Europe Loan Growth Accelerates as Economy Recovers

Europe Loan Growth Accelerates as Economy Recovers

By Christian Vits

Aug. 26 (Bloomberg) — Loans to households and companies in Europe grew at the fastest pace in 13 months in July after the economic recovery gathered steam.

Loans to the private sector rose 0.9 percent from a year earlier after growing an annual 0.5 percent in June, the European Central Bank in Frankfurt said today. That’s the strongest increase since June 2009. M3 money supply, which the ECB uses as a gauge of future inflation, increased an annual 0.2 percent in July, the same rate recorded in the previous month.

Strengthening global demand helped Europe’s economy expand 1 percent in the second quarter, the fastest pace in four years.

Economic growth may slow as governments reduce spending to tackle bloated budget deficits and the global recovery shows signs of losing momentum. Orders for durable goods in the U.S.

increased less than forecast in July, a sign one of the few remaining bright spots in the economy is cooling, while China’s industrial output rose the least in 11 months.

This is what the Fed calls the ‘hand off’ with private sector demand increasing via credit expansion as growth causes public sector deficits to fall.

Growth can go on for many years until the public sector deficits get too small to provide the income and financial equity needed to support the increasing private sector debt needed to sustain GDP growth.

Much of Europe got to higher levels of govt deficit spending than the US, before market forces triggered the funding crisis. The ECB has now stepped in to facilitate funding and at the same time implement the widely advertised austerity measures.

With modest growth deficits will start trending down on their own, as revenues increase and transfer payments (including interest payments) moderate, as private sector credit expansion replaces public sector debt as described above.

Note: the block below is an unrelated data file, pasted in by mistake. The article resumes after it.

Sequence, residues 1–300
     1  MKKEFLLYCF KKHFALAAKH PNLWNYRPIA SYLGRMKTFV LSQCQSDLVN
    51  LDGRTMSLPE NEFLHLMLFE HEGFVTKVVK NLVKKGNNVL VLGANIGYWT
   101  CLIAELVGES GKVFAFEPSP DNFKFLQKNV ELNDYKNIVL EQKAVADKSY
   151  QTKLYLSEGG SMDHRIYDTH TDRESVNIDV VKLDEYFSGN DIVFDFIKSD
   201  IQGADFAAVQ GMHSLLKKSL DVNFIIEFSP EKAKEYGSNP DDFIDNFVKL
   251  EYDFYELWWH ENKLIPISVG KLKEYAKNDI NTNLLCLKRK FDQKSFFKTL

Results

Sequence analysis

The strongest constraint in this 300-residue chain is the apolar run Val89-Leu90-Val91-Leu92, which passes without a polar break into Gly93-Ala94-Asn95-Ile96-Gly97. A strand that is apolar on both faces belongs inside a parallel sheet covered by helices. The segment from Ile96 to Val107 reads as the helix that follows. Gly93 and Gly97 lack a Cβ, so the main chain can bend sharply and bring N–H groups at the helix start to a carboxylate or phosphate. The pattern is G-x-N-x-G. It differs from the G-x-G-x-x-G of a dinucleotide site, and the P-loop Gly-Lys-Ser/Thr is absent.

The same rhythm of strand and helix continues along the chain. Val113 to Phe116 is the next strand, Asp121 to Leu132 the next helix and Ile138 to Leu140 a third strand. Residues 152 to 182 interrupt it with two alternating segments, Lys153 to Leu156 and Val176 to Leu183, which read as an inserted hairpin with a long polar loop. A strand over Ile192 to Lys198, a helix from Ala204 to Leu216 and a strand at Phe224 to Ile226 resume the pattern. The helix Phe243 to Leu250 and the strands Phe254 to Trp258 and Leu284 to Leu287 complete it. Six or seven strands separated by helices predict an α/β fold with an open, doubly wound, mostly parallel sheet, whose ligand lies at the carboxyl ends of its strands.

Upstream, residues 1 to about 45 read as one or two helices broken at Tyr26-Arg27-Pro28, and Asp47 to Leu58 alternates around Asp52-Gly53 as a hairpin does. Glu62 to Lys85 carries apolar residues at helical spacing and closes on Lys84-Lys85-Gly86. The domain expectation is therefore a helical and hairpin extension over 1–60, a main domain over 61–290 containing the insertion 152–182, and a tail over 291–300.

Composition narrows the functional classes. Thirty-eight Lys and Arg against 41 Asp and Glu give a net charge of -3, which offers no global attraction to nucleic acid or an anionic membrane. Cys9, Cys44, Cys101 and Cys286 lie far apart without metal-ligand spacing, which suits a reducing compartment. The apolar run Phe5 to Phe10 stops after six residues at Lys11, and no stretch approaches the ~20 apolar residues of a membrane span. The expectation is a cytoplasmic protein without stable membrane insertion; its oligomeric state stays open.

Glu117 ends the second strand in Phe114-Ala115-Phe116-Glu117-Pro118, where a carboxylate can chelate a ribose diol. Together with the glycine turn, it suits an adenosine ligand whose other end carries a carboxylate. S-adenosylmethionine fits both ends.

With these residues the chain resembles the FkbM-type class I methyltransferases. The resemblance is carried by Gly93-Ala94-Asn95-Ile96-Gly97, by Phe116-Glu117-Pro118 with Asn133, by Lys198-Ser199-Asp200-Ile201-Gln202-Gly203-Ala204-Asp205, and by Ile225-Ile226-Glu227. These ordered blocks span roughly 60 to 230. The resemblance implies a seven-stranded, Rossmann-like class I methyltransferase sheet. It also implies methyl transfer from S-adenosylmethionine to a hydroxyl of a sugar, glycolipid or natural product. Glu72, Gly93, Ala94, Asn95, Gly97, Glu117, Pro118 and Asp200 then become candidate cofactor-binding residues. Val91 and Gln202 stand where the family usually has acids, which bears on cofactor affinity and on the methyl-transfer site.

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3 Responses to Europe Loan Growth Accelerates as Economy Recovers

  1. Mr. E says:

    I called a huge bond rally in April. it has worked out well, but didn’t call that Germany would be the absolute hottest. All the extra deficit spending cash needs to go somewhere, and the only safe places in Europe are Germany and France, and their issuance is only a fraction of the total Euro debt.

    This was a huge layup, and I had the analysis, but missed the true implications until now. German notes between 1 and 3 years could trade at negative yields.

    Reply

  2. markg says:

    Growth can go on for many years until the public sector deficits get too small to provide the income and financial equity needed to support the increasing private sector debt needed to sustain GDP growth.

    Warren,
    I find it incredible that mainstream doesn’t understand this. History proves this correct. From the end of WWII until 1968 the public debt/gdp was >40% and the DJIA increase 10X. From 1968 to 1982 the ratio was <40 and the DJIA stayed flat. 1982-2000 was above 40% and the DJIA again increased 10X. And from 2000 until just recently below 40% and another flat DJIA. What don't they get?

    Reply

    WARREN MOSLER Reply:

    it contradicts their sense that govt debt is bad and so find other reasons for what happens?

    Reply

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